element.com and Panasonic Automotive & Industrial Systems Europe, together with a number of engineering schools from the UK and Germany, have launched a research project looking at innovative infrared people detection software in combination with the world’s first ever surface mount thermopile sensor – the Panasonic Grid-EYE Infrared Array Sensor.
Participants will be invited to document the progress of their projects on the community platform, element14.com.
On completion of the projects, Panasonic and element14.com will select the entry that they consider demonstrates the highest degree of originality, innovation and technical merit. The faculty responsible for this project will be awarded a budget to spend on selected Panasonic components and equipment.
Dianne Kibbey - Global Head of Community, Social Media and Creative Services, Farnell element14.com: “At element14.com, our online community is the industry standard for electronics collaboration. We are delighted to be working with Panasonic on this initiative, which reflects our long history of facilitating innovative research projects through our STEM Academy, our regular Design Challenges and our membership of over 480,000 engineers, makers and educators. We’re excited to discover what the participating students come up with over the coming months, and we look forward to showcasing the results of their hard work on the element14 community.”
Mubeen Abbas, Product Manager, Panasonic explains that Panasonic has joined element14.com in this project in order to reduce barriers to university-industry research partnerships. He comments: “Innovation happens where ideas and experiences collide – where different branches of knowledge interact and where people with entrepreneurial skills work side by side with those who have pioneering knowledge. Cooperation between universities and industry is therefore central to driving innovation. With the explosive rise of Internet of Things (IoT) applications in a fast-changing world, we understand that working hand in hand with universities is more important than ever before.”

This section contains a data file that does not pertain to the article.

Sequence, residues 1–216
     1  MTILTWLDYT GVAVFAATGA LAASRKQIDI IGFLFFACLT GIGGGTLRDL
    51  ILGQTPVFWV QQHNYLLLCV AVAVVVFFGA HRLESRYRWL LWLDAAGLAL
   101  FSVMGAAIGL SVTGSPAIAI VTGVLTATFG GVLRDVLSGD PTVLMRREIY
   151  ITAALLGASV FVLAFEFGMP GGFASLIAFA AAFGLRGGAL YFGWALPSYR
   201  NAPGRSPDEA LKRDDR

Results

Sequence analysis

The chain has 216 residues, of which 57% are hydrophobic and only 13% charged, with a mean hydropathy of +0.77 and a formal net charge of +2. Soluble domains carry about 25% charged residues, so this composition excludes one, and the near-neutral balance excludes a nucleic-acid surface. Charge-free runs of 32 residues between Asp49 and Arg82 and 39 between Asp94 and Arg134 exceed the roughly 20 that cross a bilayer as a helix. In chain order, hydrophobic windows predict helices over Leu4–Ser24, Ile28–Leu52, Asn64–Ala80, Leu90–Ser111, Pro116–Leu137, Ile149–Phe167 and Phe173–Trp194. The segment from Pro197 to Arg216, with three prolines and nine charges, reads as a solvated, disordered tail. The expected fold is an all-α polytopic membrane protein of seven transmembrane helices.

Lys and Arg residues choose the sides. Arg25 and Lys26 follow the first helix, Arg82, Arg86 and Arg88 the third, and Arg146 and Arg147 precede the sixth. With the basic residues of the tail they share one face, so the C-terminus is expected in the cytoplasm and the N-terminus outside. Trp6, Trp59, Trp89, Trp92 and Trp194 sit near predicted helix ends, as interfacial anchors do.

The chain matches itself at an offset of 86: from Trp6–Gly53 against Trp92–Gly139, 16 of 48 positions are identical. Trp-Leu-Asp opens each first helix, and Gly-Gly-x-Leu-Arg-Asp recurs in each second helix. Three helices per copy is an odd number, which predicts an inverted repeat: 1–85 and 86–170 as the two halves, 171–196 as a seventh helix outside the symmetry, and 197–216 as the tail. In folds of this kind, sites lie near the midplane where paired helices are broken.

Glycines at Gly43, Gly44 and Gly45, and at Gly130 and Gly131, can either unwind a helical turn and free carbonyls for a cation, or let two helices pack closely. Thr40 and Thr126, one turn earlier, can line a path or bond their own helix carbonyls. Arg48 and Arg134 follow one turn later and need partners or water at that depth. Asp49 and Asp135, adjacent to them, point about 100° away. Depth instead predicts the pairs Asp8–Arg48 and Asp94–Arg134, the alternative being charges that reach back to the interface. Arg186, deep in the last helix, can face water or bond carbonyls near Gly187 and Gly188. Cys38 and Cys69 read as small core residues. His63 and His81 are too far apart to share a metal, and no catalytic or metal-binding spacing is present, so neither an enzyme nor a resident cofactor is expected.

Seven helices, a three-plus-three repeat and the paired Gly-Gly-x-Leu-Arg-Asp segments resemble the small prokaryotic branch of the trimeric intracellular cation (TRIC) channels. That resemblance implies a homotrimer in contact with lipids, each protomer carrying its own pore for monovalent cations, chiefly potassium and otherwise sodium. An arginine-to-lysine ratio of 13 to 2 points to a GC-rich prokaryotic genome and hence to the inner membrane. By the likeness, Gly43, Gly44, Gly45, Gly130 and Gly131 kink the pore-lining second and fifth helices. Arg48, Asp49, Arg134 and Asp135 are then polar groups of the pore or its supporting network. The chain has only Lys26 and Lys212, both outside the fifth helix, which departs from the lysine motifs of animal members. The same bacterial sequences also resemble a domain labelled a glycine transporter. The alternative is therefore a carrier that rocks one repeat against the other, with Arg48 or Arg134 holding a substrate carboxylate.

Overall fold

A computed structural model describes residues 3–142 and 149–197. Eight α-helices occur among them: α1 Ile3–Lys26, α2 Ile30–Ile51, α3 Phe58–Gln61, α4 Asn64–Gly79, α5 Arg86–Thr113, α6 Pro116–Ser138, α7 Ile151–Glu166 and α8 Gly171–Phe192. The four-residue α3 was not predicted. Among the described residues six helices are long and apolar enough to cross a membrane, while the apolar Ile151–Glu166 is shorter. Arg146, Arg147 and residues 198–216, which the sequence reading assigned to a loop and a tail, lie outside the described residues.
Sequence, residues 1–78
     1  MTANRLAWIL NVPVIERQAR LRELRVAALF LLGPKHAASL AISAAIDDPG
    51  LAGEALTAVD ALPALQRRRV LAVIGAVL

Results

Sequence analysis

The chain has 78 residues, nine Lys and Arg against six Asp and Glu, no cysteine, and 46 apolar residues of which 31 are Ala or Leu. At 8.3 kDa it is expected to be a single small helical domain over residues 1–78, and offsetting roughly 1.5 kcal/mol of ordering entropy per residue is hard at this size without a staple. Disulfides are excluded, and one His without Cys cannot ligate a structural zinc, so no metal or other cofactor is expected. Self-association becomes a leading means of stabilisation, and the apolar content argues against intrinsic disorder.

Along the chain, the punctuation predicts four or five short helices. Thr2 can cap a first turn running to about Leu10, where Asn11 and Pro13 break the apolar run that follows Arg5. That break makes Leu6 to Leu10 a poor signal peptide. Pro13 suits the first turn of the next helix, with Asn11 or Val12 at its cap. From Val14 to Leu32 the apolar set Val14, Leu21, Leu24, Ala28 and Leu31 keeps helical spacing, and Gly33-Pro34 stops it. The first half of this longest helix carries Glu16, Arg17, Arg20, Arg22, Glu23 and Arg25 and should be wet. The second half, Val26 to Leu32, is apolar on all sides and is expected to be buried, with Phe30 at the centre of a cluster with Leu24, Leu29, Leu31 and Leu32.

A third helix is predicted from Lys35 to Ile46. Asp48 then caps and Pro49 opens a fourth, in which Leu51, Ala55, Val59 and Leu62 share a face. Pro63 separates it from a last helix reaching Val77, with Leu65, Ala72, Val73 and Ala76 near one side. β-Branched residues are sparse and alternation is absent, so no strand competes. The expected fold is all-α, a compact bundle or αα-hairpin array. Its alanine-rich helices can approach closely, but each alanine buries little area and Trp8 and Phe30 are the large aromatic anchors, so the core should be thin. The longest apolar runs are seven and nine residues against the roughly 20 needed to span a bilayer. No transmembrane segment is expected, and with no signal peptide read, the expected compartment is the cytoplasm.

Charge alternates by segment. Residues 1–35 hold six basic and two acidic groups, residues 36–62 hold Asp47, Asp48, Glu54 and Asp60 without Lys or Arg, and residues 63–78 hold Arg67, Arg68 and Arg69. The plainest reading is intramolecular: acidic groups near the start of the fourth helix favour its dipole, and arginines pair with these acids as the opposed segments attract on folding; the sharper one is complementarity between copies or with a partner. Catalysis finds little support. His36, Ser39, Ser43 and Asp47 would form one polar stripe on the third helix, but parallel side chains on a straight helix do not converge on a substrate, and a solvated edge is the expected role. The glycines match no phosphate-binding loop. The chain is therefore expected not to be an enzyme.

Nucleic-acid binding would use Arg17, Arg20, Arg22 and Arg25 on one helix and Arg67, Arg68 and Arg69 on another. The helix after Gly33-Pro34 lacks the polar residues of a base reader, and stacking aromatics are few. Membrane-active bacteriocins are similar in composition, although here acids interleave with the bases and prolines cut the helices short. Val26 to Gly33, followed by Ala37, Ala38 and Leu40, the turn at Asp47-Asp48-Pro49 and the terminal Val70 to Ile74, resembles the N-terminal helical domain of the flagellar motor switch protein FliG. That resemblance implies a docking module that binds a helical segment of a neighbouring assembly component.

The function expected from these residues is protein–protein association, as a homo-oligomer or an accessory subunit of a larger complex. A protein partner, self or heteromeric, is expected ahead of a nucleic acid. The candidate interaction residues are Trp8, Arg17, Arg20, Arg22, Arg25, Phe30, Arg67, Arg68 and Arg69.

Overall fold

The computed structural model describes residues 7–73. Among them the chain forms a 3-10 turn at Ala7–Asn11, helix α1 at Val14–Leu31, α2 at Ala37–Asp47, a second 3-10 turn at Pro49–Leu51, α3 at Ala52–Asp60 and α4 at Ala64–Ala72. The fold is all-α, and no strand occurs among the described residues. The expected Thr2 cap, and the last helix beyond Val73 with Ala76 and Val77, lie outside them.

In the IoT world, many objects that surround us will be on a network in one form or another. More, granular, 24/7 quantified monitoring is leading to a deeper understanding of the internal and external world encountered by humans.
To achieve this, data transmission and sensor network technologies must rise to meet new challenges, in which information and communication systems are embedded in the environment around us.
IoT implementations are not possible without the data provided by sensors – especially infrared sensors – and the transportation of the data to and from the cloud via wireless modules.
By combining its new IR sensor technology with Bluetooth wireless systems and software for IR detection of people and objects on one board, Panasonic enables students to develop rapid prototypes and quickly build their own wireless sensor “Internet of Things” applications.